The butterflies know they have a home here, said 42-year-old Bahadur Rana, pointing to a set of plants he has been carefully tending to for nearly two years.
The plants are ‘hosts’ for butterflies and Rana is the caretaker of a home in Faridabad, the front yard of which has been turned into a ‘butterfly habitat’ as part of the Bombay Natural History Society’s (BNHS) project to create such habitats to develop a butterfly corridor in Delhi-NCR. The home in Faridabad, a former waste dump in a housing society, and two dog shelters are among 67 such habitats that have been created since 2018.
Rana doesn’t know the names of the butterflies but likes to observe them. “Keeping the saplings alive was a hard job for a year. They had to be watered regularly,” he said about the vajradanti plants in the yard. “Then the butterflies started arriving to play around the flowers,” Rana said. His sons, both studying, have also begun to take an interest in the plants and butterflies. “The butterflies are out in the morning and sometimes later in the evening. My father likes to watch them,” said Vishnu, Rana’s elder son.
Ashraf Patel, whose family owns the house where the habitat lies, says that she would like to eventually open up the patch for children in the neighbourhood as a local learning space.
Sohail Madan, who heads the Conservation Education Centre of the BNHS at the Asola Bhatti Wildlife Sanctuary, said, “In terms of ecological impact, what we are trying to achieve is local migration of butterflies. There are forests in the north of Delhi, the Yamuna in the East, the Asola Bhatti sanctuary in the South and the Ridge in the West — these are discreet forests with no connection between them. If we make forests into islands, the butterflies or any other species will be in jeopardy because we need genetic variation. To have that diversity, we need butterflies to travel across Delhi and not be kept in ecological islands.”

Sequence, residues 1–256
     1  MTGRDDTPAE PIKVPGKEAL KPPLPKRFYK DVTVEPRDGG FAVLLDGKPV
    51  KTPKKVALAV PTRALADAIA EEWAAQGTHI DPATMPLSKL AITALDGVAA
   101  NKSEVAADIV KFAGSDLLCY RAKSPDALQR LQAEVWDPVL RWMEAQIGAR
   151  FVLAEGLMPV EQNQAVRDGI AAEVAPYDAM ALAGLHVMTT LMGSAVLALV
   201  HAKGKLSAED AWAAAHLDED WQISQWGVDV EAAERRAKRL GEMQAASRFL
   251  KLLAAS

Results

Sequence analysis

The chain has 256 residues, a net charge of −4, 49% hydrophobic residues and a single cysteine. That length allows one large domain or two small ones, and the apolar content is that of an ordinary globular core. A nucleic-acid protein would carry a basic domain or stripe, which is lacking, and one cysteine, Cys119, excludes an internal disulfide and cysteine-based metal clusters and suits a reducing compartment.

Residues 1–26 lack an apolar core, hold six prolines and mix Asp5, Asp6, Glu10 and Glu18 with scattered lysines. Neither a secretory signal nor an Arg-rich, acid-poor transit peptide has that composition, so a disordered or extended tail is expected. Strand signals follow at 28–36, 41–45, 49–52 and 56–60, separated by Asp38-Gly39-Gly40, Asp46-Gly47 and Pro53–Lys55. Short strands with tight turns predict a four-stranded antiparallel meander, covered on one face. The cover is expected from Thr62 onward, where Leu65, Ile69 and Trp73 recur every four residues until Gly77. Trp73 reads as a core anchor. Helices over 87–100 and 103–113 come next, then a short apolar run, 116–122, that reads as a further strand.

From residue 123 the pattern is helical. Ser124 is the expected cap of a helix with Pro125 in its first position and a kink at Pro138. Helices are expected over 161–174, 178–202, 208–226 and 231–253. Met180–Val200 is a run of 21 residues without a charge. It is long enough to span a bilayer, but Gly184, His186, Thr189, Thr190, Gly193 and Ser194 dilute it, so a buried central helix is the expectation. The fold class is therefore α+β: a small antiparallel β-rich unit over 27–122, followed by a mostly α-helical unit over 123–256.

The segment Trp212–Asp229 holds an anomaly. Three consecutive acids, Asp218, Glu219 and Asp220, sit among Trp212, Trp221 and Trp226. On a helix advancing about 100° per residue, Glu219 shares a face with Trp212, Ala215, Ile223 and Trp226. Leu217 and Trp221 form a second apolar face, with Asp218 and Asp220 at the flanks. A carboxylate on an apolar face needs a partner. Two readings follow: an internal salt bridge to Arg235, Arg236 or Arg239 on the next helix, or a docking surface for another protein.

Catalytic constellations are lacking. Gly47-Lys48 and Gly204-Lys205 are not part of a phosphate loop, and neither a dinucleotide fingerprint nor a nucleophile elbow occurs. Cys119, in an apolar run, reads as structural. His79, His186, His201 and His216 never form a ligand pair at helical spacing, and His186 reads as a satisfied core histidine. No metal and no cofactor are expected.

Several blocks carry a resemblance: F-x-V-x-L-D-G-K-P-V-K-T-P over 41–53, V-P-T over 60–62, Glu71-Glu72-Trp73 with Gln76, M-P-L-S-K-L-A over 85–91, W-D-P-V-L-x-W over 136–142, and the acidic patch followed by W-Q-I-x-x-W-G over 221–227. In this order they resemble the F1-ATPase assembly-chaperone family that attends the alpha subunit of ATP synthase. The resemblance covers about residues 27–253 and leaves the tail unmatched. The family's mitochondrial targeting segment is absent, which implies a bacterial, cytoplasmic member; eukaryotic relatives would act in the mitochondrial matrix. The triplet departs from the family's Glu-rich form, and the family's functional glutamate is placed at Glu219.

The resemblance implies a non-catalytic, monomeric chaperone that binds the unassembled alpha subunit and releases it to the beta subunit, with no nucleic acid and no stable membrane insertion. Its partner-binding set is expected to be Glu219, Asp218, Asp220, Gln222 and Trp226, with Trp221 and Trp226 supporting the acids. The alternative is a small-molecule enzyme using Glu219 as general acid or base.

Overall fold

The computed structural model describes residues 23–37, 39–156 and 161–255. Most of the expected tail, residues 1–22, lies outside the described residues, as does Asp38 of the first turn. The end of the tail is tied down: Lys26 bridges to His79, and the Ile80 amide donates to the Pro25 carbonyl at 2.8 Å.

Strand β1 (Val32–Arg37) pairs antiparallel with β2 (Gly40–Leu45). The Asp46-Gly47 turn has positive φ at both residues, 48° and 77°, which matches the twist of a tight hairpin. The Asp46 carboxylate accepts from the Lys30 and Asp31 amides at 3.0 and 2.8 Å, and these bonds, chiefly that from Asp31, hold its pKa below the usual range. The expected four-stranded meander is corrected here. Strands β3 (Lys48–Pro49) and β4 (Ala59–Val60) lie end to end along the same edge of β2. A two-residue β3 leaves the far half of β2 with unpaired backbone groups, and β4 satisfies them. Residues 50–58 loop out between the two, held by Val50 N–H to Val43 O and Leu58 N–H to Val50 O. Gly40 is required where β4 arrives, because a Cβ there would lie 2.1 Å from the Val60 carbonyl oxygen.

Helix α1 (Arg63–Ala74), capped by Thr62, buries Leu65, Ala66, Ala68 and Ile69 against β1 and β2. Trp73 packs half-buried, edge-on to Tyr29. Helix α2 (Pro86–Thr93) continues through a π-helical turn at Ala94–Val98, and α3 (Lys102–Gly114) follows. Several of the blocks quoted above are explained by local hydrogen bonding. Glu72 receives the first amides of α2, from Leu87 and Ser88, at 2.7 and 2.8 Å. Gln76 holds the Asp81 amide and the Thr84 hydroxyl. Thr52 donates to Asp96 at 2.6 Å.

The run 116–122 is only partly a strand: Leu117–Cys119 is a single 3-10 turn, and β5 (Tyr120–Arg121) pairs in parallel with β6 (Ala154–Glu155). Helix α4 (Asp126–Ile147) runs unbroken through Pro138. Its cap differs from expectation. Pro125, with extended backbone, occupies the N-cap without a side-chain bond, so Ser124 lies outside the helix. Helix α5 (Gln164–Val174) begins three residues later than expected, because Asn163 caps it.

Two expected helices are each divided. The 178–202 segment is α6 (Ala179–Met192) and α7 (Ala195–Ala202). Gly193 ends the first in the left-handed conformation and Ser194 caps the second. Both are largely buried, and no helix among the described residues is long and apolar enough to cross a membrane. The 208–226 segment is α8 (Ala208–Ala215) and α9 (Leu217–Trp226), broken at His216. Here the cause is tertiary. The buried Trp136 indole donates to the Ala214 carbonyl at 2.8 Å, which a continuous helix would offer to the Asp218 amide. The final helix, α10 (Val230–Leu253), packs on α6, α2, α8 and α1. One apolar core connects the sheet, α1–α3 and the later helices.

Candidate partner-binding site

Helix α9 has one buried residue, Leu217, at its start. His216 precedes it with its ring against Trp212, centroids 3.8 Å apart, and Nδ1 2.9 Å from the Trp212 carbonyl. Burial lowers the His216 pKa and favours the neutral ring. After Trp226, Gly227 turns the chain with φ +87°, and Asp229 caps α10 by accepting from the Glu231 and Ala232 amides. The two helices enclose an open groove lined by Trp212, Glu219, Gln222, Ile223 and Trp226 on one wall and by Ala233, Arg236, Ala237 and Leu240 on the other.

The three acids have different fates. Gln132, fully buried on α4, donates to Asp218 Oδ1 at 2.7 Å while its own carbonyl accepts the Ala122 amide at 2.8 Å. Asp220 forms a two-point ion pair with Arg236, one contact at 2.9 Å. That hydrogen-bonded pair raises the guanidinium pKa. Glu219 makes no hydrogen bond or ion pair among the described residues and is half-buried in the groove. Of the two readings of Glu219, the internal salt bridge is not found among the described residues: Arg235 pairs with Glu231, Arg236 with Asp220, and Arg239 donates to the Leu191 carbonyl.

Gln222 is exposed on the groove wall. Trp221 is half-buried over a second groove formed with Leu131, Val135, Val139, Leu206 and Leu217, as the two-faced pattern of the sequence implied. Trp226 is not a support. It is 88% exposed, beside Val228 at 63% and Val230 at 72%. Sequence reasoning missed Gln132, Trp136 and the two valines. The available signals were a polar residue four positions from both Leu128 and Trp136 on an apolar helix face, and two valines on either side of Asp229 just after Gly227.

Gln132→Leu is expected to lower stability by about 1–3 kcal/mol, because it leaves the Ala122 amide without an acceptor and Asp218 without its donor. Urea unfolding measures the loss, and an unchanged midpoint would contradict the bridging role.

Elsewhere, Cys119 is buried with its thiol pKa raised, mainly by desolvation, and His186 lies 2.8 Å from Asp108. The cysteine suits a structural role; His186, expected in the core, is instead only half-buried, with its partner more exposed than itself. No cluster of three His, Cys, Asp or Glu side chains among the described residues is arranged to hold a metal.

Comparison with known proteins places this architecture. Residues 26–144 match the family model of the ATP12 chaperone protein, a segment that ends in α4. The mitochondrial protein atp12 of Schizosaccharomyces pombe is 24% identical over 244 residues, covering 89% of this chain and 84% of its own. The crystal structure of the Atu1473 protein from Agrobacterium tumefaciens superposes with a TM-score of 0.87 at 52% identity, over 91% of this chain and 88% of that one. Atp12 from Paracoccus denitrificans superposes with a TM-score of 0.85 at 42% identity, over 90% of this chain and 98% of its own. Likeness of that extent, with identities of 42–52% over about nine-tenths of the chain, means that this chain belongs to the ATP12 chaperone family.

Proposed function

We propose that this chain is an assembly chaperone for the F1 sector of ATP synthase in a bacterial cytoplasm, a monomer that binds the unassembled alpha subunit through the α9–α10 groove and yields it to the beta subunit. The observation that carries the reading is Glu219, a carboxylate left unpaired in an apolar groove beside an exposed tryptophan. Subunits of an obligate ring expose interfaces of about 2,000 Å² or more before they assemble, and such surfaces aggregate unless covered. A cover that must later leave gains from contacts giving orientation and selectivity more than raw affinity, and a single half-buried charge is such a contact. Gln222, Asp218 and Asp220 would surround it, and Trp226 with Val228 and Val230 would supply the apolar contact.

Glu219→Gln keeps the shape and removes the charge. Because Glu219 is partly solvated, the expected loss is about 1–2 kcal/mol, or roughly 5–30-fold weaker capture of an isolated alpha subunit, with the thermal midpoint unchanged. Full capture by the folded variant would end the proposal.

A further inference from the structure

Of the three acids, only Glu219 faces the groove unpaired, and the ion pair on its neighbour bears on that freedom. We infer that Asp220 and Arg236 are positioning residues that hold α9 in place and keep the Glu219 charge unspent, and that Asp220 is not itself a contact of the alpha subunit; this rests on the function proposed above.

The park at Mandakini Enclave, for instance, could help connect Jahanpanah city forest and the Asola Bhatti sanctuary, Madan explained. “By our observations, some butterflies like Common Emigrants and Pea Blues are long-distance migratory butterflies which will be using these corridors. When our data set grows, we’ll be able to add more species to this list,” he said.
In South Delhi’s Mandakini Enclave, 75-year-old Anil Kapur is at the local butterfly park nearly every day, watching, identifying, counting and photographing butterflies. “It used to be a space where garbage and muck were dumped. We cleared it up and planted saplings in 2019,” Kapur said. He can reel off names of many butterflies that frolic around the plants — the Common Mormon, the Common Jay, the Castor butterfly, and the Common Grass Yellow. “We have counted around 20 species here,” he said. The local residents’ association takes care of the butterfly park. No pesticides or insecticides are sprayed on plants, Kapur said. There are trees and smaller shrubs in the one-acre plot that houses ‘host’ plants such as milkweed, lantana, castor, and lemon.
Sambhava Jain, a 23-year-old student of biotechnology, helped identify two butterfly habitats with the BNHS team. Both are animal shelters, one in Greater Noida and the other in Noida Sector 125. “Most people think butterflies come out of nowhere. Since the patches of forest in Delhi are fragmented by the human population, the butterfly corridor is significant,” Jain said.